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A complicated theory (and
advanced understanding) behind
simple steps
Use tabulated information!
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View Full Document Table 2. Critical values of Student’s
t
. The number of degrees of
freedom
ν
= n 1
Degrees
of
freedom
t
at a confidence level of
90%
95%
99%
1
6.314
12.706
63.657
2
2.920
4.303
9.925
3
2.353
3.182
5.841
4
2.132
2.776
4.604
5
2.015
2.571
4.032
6
1.943
2.447
3.707
7
1.895
2.365
3.500
8
1.860
2.306
3.355
9
1.833
2.262
3.250
10
1.812
2.228
3.169
15
1.753
2.131
2.947
20
1.725
2.086
2.845
25
1.708
2.068
2.787
30
1.697
2.042
2.750
40
1.684
2.021
2.704
60
1.671
2.000
2.660
∞
1.645
1.960
2.576
The number of degrees of
freedom
ν
= n 1
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View Full Document LINEAR REGRESSION (variables: y and x)
A line will be
the best straight line
drawn through the data (
x
i
,y
i
)
when the sum of squares of the vertical deviations between the
data points and the line (squares of
“residuals”) is minimized.
y depends on x!
Data scatter around the “best straight
line”?
A set of (
x
i
,
y
i
) data (data pairs) yields a straight line fit:
y = mx + c
where m is the slope, and
c
is the intercept.
We will first look at the distance vs. time and next electrolysis
mass vs. time plots
.
Harris pages: 83 – 95; use of a scientific calculator, or Excel
spreadsheet function “linest”.
“The Method of Least Squares” and “Calibration Curves”.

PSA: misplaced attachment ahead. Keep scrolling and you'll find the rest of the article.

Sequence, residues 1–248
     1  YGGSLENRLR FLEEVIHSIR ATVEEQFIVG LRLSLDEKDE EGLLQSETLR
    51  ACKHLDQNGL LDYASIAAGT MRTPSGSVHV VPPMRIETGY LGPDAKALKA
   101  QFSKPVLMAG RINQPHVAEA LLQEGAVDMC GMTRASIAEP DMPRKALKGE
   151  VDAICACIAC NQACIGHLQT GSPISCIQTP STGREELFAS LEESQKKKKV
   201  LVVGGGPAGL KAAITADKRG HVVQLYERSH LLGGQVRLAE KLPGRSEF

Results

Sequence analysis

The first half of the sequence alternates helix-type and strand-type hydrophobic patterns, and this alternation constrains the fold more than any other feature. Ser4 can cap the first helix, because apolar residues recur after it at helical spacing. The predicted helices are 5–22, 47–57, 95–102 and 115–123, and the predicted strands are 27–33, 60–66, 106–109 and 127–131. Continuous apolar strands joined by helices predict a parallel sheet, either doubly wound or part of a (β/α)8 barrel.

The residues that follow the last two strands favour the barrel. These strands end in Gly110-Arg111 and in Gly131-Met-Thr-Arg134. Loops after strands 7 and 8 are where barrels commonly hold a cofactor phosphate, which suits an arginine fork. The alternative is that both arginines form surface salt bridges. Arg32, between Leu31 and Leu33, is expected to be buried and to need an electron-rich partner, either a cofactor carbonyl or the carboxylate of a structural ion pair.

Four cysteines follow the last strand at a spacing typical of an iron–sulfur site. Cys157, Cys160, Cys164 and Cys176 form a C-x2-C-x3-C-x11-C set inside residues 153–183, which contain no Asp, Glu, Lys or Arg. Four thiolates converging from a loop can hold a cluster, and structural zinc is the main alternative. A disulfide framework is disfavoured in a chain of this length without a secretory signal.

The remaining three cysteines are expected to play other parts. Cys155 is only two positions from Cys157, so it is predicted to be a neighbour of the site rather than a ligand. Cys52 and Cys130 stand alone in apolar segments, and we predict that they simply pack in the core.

One minimizes the expression:
y
i
y
i
i
i n

=
=
∑
2
1
assuming the linear fit through individual points i is:
c
i
mx
+
=
i
y
ˆ
The form for differentiation is (by substitution):
y
i
mx
i
c
i
i n


=
=
∑
2
1
the differentiation is performed with respect to m and c.
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View Full Document
the leastsquares method
of the data
treatment.
The product is “the best straight line”.
How good is the best straight line is expressed by the
coefficient
of determination,
r
2
(the square of the correlation coefficient)
.
The closer to unity is
r
2
the better the fit.
In practice,
r
2
smaller than 0.9 makes the fitting procedure to a
straight line unreliable.
A higher order fit should then be
considered (binomial or polynomial).
A set of equations resulting from bringing the derivatives to
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This note was uploaded on 12/28/2010 for the course CHEMISTRY 222 taught by Professor Wieckowski during the Spring '10 term at University of Illinois at Urbana–Champaign.
 Spring '10
 WIECKOWSKI

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